The Corrosion Module, which is new in version 4.3, is intended for the modeling of corrosion and corrosion protection. The descriptions made available by the module are based on current and potential distribution in galvanic cells. Its modeling capabilities covers galvanic corrosion, cathodic protection, anodic protection, and sacrificial anode protection.
The Corrosion Module consists of a number of chemical species transport, fluid flow, heat transfer, electrochemistry, and corrosion interfaces. These physics interfaces describe the potential in the electrolyte and in the corroding or protected metallic structure. The electrode reactions can be described using arbitrary electrode kinetic expressions of the overpotential for the anodic and cathodic reactions. The potential and current distribution can also include the influence of mass transport and heat transfer, which means that the Corrosion Module makes it possible to model composition and temperature in a corrosion cell in detail. The ability to account for mass transport in the electrolyte allows for modeling of corrosion caused by variations in, for example, salt concentration, oxygen concentration, and pH.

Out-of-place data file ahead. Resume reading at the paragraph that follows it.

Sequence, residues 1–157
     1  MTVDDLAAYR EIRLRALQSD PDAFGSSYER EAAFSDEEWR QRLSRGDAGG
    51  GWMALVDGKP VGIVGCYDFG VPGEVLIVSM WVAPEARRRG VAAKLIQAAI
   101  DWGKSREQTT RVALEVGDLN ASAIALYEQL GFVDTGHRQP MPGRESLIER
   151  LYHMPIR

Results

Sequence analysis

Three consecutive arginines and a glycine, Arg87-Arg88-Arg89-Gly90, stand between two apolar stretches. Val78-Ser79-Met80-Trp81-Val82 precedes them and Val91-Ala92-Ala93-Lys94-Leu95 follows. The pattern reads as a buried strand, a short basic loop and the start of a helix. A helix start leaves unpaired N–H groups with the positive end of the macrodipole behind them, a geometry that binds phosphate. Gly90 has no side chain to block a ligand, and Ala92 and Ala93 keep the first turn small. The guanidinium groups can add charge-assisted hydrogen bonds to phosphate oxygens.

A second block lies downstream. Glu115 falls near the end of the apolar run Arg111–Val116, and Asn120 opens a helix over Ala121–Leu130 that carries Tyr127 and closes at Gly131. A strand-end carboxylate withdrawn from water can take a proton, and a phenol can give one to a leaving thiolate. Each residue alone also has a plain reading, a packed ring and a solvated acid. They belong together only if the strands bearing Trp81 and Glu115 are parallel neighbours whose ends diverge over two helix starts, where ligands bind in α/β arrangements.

The basis of the Corrosion Module is the mass and current balances in the electrolyte an in the corroding or protected metal structure. In the electrolyte, the current balance is defined together with individual species balances for the charged species and the electroneutrality condition. In the metallic structure, the current balance is described using Ohm’s law for the current density. The electron transfer reactions, at the interface between the metallic structure and the electrolyte, couple the transport processes in the electrolyte with the current flowing in the metallic structure. The module contains predefined formulations for the abovementioned processes. In addition, the module modifies the Heat Transfer interfaces so that predefined terms for heat sources caused by losses in the electrochemical process are described properly.